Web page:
By August of 1984, she was fed up with his behavior and finally went to his superior Sergeant Harold Goudarzi to report that one of his officers was harassing, threatening, and extorting sex from her. He reluctantly forwarded her complaints to Internal Affairs, where they were taken fairly seriously because of the Hannibal/Quick saga that occurred shortly beforehand. They told her if she would be an informant and record Avrech’s harassment and threats, they would investigate him and hold him accountable, so she did it. When IAB questioned Avrech, he attempted to divert the focus to Lt Black and the vacation he brought her on, so a separate investigation of Lt Black was opened as well. Around the time that Avrech and Black became aware of the investigations, Donna alleges that several other members of the San Diego police force began harassing her on a regular basis. They followed her home often, parking outside of her house and waiting for any excuse to hassle her. She was given almost 20 citations in a short timeframe, some just within hours of one another, all for petty things like flicking cigarettes out on the ground and parking too close to a curb. They would even use timers to measure how long she stopped at stop signs, arresting her if she was just seconds below the minimum time. Some of the officers made threats, which Donna’s friends believe were intense enough to make her fear for her safety.

The Internal Affairs investigations of both officers continued until March of 1985, resulting in suspensions for both men. It is around the same time that Donna again went to the police to formally report the continuing harassment. She stated that in addition to Avrech, there were multiple other San Diego East County police officers tormenting her, and she was able to list the names of seven of them. The officers listed in her report were Michael Blakely, Curtis Meyer, Richard Draper, Robert Candland, Frank Christensen, James Brook, and Jeffrey Dean.

The civil service hearings for Avrech and Black were set to occur shortly after. Donna was called to the stand at Avrech’s and called a “liar, troublemaker, and known complainer” by Avrech’s former superior Sergeant Harold Goudarzi. It was decided that Avrech did violate police Department policies and would be fired, however he would face no criminal charges and would not be punished for the alleged sexual misconduct. Black’s hearing was scheduled two weeks after Avrech’s and resulted in him also facing no criminal charges but only being demoted instead of fired. Donna was supposed to be a witness in this hearing as well but she did not attend because on June 23 1985, a little over a week after Avrech’s hearing and just two days before Black’s, Donna was found murdered in a ravine off of Sunrise Highway about 40 miles east of San Diego.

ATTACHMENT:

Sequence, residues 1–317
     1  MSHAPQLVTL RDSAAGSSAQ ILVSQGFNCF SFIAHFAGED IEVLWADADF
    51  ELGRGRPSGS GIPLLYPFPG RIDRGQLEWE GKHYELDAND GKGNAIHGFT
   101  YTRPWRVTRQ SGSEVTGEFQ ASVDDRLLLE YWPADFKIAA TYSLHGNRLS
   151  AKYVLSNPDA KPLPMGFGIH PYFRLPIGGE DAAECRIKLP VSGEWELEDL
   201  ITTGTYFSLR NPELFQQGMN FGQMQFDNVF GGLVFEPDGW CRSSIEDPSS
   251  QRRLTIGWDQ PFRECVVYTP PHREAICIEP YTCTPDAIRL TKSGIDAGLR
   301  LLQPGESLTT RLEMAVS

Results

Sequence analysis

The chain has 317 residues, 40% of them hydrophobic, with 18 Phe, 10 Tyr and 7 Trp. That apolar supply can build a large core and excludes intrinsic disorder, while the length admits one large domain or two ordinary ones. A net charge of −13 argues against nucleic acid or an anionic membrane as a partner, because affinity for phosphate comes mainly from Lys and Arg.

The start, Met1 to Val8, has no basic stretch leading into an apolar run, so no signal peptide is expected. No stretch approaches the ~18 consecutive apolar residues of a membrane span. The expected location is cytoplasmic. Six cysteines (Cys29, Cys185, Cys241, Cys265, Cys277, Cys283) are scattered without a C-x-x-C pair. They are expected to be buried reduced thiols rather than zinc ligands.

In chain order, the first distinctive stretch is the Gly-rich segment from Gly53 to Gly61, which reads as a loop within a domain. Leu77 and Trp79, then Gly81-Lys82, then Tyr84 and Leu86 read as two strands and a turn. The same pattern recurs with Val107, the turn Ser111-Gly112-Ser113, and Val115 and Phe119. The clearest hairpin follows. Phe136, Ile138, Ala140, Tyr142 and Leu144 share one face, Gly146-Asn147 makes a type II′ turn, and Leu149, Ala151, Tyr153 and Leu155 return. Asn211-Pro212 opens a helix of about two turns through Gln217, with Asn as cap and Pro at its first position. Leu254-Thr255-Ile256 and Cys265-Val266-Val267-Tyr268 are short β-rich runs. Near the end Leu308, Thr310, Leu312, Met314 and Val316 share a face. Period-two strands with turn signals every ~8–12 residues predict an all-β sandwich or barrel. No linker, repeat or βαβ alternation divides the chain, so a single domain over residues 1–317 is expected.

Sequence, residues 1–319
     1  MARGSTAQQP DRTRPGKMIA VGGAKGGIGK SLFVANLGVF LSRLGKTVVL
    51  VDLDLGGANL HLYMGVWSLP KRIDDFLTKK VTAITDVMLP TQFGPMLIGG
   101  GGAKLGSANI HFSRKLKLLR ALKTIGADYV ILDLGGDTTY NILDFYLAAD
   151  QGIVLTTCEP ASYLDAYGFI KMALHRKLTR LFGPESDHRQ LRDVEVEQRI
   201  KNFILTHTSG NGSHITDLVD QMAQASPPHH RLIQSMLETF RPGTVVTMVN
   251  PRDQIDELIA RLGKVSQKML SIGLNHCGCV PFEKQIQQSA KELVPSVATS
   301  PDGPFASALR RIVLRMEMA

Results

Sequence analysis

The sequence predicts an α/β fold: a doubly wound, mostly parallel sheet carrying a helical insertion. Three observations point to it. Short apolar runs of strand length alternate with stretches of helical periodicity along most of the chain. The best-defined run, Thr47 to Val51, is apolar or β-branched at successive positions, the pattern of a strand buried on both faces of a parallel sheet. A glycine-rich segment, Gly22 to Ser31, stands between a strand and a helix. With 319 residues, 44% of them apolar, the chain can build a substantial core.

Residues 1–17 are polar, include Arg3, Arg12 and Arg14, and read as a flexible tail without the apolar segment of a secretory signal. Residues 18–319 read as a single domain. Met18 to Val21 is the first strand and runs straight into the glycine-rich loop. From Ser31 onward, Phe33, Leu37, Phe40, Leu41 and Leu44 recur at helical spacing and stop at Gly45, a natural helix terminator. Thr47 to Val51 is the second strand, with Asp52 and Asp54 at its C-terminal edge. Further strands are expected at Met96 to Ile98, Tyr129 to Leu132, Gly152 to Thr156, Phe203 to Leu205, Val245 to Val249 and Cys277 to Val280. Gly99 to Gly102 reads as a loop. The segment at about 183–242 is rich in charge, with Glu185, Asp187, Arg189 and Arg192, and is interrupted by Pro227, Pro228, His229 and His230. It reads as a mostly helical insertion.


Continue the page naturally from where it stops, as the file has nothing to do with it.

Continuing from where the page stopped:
Her body was found hidden under brush and tree branches, naked with her clothes methodically cut off of her body. The medical examiner believed that she had been murdered approximately 24 hours before she was found. She had been severely beaten, then strangled to death. Gravel had been forced into her mouth and “tamped” down her throat by a foreign object, with some of it making it’s way into her airways – showing that she was alive and breathing when this occurred. The autopsy listed her cause of death as “manual strangulation and airway obstruction by foreign material”.

Because her body was outside of the city, the investigation fell to the San Diego Sherriff’s Department rather than the San DiegoPolice Department that she had been harassed by. A veteran homicide detective named Thomas Steed was assigned lead investigator. The day after Donna’s body was found, Steed reports that a member of the San Diego Police Department arrived at Steed’s office and asked him if he “knew who he had back there” (referring to Donna’s body), then told Steed “that he was in a lot of trouble and this would be the end of his career”. The officer identified himself as Robert Candland, who Steed later learned was one of the officers Donna reported for harassment before her death. Candland was not the only one hostile to Steed’s investigation. Pretty much every time he contacted the San Diego PD asking for information or records, he was ignored or told to “take his request to Internal Affairs”. There was only one problem: the man now in charge of Internal Affairs was Sergeant Harold Goudarzi, the former superior and close friend of Avrech who publicly insulted Donna at the hearing just a week before her death. Predictability, Internal Affairs was as unhelpful as the local PD, refusing to even send over her arrest reports or lists of her regular clients. Eventually, whenever Steed called officers, they would tell him that their supervisors ordered them not to speak to him under any circumstances. The few that did speak to him had to do so secretly in meetings arranged by phone so as not to alert any other officers on their radios.